New ECB President faces an interest rate dilemma

  • Only a few days after the European Central Bank (ECB) welcomed Mario Draghi as the next president and already focus is turning to his first monetary policy meeting, due this Thursday 3 November at 12.45 GMT. Last month, investors were almost certain they would witness an interest rate cut as the region continued to suffer from a deepening debt crisis. Since then, the situation has deteriorated even further and the question on everyone's mind is whether Draghi will decide to cut interest rates this week.
  • The economic situation in the eurozone appears to be worsening. Even after the EU summit generated a plan to help the eurozone escape its deepening debt problems, the future of the eurozone seems far from promising. During the EU summit, European leaders decided to extend the size of the European Financial Stability Facility to one trillion euro and reached an agreement with private creditors to accept a 50% haircut on Greek debt. Data from the region's Labour sector also raised concerns; unemployment rate was 10.2% in September and seasonally-adjusted unemployment rose by 188,000 to 16.2 million showing that the eurozone is on the verge of recession.
  • Added to this was the shock announcement today from the Greek Prime Minister George Papandreou that the country will hold a referendum to decide whether to approve the strict austerity measures, which are a contingency of the new bailout plan. Papandreou said that the government believes in their citizens and wants them to be a part of the decision, but the wisdom of the planned referendum is questionable at a time of political instability and intense protests about the new austerity measures.  The euro slid after the announcement on growing concerns that a no vote which may result in a Greek default. Uncertainty is now heightened as the risk of a Greek default seems higher than ever, which raises fears about further contagion in eurozone countries.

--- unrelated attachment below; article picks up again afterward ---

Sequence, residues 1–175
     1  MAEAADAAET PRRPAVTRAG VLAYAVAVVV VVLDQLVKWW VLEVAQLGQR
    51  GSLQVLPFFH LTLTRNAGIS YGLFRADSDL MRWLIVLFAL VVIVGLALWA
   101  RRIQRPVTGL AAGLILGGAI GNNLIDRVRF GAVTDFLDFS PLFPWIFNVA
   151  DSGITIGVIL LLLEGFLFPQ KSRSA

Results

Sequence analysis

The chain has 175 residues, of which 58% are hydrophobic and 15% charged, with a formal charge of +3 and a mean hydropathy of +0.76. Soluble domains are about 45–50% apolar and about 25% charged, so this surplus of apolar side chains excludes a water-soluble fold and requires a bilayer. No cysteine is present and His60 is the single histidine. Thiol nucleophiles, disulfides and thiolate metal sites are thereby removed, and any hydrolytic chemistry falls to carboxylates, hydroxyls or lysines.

• With all of this in mind, Thursday's ECB monetary policy meeting will be watched particularly closely. Will the ECB cut interest rates to boost growth in the eurozone or will Draghi wait until inflation is controlled? Also, what are his plans for the central bank's bond buying programme? Many analysts are speculating that the central bank will announce a 25 basis points interest rate cut and because of this speculation perhaps we will see a muted reaction as this result may already be priced in market expectations. Another scenario is a 50 basis points cut in the benchmark interest rate. This may increase investors' risk appetite as they hope for a eurozone economic recovery, which in turn may support the single currency.
  • Cutting interest rates to boost growth would be an easy decision to make. But what happens if inflation keeps rising? October's data showed that the Consumer Price Index gained 3%, well above the central bank's target of 2%.
  • Investors' real focus will be on the press conference held by the new president which follows the ECB's interest rate price announcement at 13.30 GMT. Draghi is known as a hawk, which means he is believed to favour price stability. The irony is that his decisions will define whether his native country, Italy, will suffer further from the slow growth and an escalating debt crisis in the eurozone. All eyes will be on Draghi at this time as a strong rhetoric to the markets over his monetary strategy is expected. 

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